Russian President Vladimir Putin (L) and U.S. President Donald J. Trump (R) shake hands during a meeting on the sidelines of the G20 summit in Hamburg, Germany, July 7, 2017. On Wednesday, a Democratic staff report was released detailing nearly two decades of assault on democracy by Putin and accusing Trump of ignoring the threat.
Photo by Michael Klimentyev/EPA/Kremlin Pool
Jan. 10 (UPI) -- A Democratic staff report released Wednesday by the Senate Foreign Relations Committee details what it describes as nearly two decades of "assault on democracy" by Russian President Vladimir Putin.
The report says that President Donald Trump's "refusal to publicly acknowledge the threat posed by the Russian government" has hampered efforts to mobilize government, strengthen institutions, and work with European allies to counter Putin's interference in democracies abroad.
"Never before in American history has so clear a threat to national security been so clearly ignored by a U.S. president, and without a strong U.S. response, institutions and elections here and throughout Europe will remain vulnerable to the Kremlin's aggressive and sophisticated malign influence operations," according to the report.
U.S. Senator Ben Cardin, D-Md., said while the extent of Russia's "obvious" meddling in the 2016 U.S. election continues, it is imperative that the American people understand the true scope and scale of Putin's pattern of undermining democracy.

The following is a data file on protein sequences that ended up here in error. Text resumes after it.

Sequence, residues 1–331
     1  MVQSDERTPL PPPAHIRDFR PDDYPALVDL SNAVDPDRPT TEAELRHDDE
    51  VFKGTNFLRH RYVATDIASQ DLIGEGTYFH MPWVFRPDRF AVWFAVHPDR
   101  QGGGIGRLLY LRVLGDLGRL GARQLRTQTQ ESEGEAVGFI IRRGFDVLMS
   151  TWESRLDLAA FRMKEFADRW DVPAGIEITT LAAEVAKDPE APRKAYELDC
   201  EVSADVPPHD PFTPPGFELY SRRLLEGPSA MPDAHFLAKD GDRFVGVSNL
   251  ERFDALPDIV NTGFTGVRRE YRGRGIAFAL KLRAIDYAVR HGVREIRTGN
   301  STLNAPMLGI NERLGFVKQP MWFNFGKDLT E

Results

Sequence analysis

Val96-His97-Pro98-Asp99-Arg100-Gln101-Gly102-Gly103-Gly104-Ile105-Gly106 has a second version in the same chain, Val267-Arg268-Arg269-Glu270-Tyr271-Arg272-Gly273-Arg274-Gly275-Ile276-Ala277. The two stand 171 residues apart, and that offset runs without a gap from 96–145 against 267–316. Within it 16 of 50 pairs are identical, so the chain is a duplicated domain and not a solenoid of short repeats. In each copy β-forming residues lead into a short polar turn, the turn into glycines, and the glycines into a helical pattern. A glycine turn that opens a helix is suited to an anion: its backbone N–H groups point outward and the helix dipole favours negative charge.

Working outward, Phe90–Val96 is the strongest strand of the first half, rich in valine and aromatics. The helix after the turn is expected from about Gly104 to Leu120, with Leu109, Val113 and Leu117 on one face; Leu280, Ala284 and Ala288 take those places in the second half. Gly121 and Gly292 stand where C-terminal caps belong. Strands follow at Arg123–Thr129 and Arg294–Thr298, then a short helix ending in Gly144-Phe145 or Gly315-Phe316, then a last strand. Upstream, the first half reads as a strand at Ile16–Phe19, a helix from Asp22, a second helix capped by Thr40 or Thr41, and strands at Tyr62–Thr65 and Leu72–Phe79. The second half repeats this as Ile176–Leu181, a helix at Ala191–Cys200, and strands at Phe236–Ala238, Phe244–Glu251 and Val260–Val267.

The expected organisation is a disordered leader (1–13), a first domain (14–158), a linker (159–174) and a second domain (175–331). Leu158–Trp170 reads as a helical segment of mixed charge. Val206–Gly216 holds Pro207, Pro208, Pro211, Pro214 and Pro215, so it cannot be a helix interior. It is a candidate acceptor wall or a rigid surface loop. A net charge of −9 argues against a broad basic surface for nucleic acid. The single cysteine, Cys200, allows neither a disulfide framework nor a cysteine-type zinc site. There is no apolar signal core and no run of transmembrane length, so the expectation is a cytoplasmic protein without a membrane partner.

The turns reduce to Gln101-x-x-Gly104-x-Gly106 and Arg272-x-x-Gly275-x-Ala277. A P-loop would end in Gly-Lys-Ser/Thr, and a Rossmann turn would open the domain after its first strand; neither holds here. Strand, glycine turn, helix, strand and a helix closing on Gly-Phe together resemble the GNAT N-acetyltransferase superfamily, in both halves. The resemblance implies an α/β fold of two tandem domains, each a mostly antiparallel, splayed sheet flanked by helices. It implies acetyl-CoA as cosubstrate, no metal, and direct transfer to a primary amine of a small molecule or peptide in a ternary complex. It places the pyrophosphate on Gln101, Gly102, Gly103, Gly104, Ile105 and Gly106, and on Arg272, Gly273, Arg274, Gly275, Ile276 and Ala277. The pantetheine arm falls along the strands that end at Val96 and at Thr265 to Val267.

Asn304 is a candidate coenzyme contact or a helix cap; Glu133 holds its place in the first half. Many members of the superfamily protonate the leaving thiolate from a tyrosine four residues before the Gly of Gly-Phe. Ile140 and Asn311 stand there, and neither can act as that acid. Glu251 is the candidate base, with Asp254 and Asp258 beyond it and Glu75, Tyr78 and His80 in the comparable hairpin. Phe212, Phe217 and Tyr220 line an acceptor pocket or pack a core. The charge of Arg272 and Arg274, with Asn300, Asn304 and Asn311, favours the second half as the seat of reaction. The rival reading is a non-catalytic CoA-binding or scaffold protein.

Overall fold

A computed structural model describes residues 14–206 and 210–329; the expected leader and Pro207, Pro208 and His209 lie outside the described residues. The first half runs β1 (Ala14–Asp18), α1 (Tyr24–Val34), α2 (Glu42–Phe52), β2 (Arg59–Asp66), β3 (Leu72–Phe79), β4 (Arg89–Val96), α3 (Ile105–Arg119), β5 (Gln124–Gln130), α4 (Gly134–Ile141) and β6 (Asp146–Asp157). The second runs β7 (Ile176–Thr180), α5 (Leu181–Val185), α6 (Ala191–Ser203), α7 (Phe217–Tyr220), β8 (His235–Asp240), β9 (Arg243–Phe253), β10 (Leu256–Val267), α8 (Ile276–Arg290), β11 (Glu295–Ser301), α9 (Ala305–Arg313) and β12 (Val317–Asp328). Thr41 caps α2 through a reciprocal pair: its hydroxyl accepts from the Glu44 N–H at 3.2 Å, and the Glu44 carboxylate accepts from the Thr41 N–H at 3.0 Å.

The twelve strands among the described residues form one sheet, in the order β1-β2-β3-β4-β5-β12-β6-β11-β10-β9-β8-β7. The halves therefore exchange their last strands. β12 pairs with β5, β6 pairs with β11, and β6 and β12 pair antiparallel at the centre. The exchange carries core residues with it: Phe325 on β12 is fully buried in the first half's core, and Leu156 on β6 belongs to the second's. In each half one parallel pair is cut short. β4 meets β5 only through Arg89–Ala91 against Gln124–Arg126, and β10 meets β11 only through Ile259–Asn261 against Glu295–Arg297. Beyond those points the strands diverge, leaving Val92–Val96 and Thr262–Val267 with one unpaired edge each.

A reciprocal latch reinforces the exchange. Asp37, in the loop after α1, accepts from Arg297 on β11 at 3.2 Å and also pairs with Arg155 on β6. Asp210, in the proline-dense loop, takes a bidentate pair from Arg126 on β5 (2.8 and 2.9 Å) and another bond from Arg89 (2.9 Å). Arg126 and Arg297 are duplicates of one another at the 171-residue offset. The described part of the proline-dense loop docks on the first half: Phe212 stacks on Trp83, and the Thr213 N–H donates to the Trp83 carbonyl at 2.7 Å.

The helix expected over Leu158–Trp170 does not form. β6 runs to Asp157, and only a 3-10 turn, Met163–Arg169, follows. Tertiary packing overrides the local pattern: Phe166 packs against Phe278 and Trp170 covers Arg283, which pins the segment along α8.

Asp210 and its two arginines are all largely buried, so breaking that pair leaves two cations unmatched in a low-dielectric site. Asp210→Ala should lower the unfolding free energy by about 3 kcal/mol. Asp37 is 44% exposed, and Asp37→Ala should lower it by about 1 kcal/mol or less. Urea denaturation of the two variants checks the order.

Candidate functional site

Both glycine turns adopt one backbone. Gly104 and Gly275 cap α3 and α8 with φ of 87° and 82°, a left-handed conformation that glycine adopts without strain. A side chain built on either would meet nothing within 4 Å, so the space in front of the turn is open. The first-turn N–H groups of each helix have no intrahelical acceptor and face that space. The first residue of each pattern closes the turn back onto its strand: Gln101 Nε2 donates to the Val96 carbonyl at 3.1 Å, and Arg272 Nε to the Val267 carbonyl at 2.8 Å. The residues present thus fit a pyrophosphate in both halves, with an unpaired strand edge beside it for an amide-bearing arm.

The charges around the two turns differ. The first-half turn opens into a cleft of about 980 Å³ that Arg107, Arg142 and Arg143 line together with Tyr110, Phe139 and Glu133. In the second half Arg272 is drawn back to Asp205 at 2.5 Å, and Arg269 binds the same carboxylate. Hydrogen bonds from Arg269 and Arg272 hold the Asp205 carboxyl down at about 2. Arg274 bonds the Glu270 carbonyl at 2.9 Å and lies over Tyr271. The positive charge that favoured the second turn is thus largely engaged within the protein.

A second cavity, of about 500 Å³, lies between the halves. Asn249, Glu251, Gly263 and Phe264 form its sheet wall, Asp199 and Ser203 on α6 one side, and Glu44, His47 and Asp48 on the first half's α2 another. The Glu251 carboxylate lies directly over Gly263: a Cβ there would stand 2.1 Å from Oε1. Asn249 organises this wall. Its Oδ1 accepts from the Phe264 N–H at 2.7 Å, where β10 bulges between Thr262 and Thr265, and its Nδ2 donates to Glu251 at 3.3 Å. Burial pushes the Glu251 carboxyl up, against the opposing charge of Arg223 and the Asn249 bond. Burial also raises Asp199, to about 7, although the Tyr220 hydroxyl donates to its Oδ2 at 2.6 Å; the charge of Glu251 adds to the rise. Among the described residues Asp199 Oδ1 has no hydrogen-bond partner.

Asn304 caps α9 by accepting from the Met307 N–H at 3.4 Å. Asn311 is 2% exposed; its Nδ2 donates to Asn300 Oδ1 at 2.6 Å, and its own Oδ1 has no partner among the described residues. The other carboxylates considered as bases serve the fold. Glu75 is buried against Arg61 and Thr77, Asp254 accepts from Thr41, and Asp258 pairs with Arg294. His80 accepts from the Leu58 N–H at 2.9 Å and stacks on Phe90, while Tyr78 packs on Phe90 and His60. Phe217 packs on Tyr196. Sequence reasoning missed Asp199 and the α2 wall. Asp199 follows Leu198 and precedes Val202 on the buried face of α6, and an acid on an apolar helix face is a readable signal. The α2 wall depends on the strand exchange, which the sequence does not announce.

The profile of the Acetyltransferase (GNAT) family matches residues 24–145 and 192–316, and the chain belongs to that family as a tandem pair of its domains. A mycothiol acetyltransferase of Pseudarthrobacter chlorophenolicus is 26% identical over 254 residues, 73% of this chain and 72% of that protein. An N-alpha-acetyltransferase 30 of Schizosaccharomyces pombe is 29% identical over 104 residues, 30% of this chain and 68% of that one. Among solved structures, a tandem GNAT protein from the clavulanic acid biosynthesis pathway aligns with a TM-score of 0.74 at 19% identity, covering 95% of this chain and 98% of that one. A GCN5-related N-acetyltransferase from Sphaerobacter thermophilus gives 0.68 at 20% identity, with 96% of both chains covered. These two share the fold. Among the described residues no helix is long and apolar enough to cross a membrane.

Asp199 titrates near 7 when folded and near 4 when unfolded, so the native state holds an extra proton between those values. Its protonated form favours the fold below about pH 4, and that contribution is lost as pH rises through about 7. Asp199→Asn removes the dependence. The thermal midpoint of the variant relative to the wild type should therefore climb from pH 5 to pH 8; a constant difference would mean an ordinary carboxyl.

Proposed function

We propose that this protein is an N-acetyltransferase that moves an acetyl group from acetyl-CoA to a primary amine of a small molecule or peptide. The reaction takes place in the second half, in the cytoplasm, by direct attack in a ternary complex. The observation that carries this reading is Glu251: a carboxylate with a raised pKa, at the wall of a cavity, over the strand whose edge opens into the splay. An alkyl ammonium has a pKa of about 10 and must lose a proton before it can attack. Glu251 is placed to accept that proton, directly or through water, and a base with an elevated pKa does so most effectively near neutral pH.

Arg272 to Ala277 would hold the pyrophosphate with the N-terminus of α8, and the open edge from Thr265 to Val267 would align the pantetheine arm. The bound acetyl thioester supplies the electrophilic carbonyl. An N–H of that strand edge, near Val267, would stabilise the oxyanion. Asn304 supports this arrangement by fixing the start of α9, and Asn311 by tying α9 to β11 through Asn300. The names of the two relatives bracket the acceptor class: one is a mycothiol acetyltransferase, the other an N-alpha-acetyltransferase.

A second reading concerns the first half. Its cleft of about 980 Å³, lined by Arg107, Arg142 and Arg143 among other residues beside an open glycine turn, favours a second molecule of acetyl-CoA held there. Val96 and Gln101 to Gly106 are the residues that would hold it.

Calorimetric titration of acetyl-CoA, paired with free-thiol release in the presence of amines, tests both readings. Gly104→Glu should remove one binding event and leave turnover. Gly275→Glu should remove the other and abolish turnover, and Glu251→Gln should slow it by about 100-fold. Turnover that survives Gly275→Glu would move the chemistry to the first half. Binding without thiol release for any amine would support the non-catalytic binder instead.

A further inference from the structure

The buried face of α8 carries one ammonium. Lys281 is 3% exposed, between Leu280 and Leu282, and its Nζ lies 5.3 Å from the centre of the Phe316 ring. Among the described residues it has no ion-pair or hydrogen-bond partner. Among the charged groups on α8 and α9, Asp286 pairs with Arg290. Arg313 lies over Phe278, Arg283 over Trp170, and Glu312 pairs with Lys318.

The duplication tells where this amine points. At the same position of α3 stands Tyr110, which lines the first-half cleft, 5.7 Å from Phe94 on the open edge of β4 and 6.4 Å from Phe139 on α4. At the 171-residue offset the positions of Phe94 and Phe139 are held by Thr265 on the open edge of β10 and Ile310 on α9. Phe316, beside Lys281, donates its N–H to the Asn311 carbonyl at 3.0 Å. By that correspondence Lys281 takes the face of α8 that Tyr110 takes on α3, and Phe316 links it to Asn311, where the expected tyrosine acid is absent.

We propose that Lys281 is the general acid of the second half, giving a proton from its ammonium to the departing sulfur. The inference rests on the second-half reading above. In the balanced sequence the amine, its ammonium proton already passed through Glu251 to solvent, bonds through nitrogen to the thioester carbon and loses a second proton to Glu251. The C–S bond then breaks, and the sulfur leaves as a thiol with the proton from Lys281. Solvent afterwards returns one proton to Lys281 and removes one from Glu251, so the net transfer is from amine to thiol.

"This threat existed long before President Trump took office, and unless he takes action now, it will continue long after his administration," Cardin said. "While President Trump stands practically idle, Mr. Putin continues to refine his asymmetric arsenal and look for future opportunities to disrupt governance and erode support for the democratic and international institutions that the United States and Europe have built over the last 70 years."
The report includes more than 30 recommendations, including calling on Trump to declare it is U.S. policy to deter all forms of Russian hybrid threats and creating an inter-agency fusion cell, similar to the National Counterterrorism Center, to coordinate U.S. policy in responding to Russian efforts.
Other recommendations include providing government assistance to allies most vulnerable to Russian government interference, convening an annual global summit on threats and to "expose and freeze Kremlin-linked dirty money."